"Van Gogh and the Colors of Night," just around the corner from Cafe 2 on the second floor of the Museum of Modern Art, is a small, peculiar, disjointed show, drawing together masterpieces and obscurities to justify the thesis of its curator, Joachim Pissarro, about the effect of night and its manifestations on van Gogh’s praxis.
It has become almost impossible to gaze on The Night Café and The Potato Eaters (both in this show) with any sense of freshness, especially when they are contextualized by the busybodyness of Joachim Pissarro. Indeed, the stutterstop paint application peculiar to van Gogh has become a cliché in our art-drenched minds, which no amount of theory or comparison to some inferior van Goghs on view here can alter.
What makes this show worth seeing and almost justifies Pissarro’s pedantic arrangements is one painting, Starry Night over the Rhône (1888, Musee D’Orsay). This is painting of perfect symmetry. The stars burst like firecrackers into bright, evenly spaced pinwheels, as their light divides the waters in rays of equal spatial ratios to each other.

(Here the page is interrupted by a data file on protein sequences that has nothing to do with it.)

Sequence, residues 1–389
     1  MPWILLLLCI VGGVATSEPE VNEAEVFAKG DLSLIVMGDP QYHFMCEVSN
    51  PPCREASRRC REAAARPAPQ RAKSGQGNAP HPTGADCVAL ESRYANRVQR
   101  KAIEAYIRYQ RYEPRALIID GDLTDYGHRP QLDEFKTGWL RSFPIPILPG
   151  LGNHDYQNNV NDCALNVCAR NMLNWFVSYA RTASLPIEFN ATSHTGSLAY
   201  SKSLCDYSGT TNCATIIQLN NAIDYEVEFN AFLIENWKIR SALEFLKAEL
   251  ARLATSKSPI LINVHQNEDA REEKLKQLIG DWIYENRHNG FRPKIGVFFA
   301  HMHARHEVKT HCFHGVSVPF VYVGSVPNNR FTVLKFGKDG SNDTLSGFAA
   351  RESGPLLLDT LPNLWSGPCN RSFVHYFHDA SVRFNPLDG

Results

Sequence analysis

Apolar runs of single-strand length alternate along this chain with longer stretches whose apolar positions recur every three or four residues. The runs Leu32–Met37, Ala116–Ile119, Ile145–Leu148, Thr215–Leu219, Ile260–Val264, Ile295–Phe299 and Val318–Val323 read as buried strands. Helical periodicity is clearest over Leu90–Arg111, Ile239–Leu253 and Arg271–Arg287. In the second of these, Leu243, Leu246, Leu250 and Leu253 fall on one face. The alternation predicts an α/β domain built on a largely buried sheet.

The harbor lights across the river mitigate their supernatural partners in illumination with an anonymous, forbidding warmth. In the foreground, forlorn, stands an older couple, the man, opaque and generic, the woman’s face so weathered in finely etched lines that she gazes back at you with utter knowingness, as oblivious to the starlight behind her as the stars themselves are to her.
The impression one gains from Starry Night over the Rhône is one of van Gogh’s supreme artificiality, the regurgitation of the universe through the meat grinder of his mind and back onto the canvas. The effect is the opposite of intimacy, of a world lived on a planet far away that happens to be Earth.
To reduce van Gogh to the control of a mediocre mind such as Joachim Pissarro’s is a waste but to confront, as I did, a painting like The Starry Night over the Rhône for the first time makes it all worthwhile.
“Van Gogh and the Colors of the Night,” Sept. 21, 2008-Jan. 4, 2009, at the Museum of Modern Art, 11 West 53rd Street, New York, N.Y. 10019
CHARLIE FINCH is co-author of Most Art Sucks: Five Years of Coagula (Smart Art Press).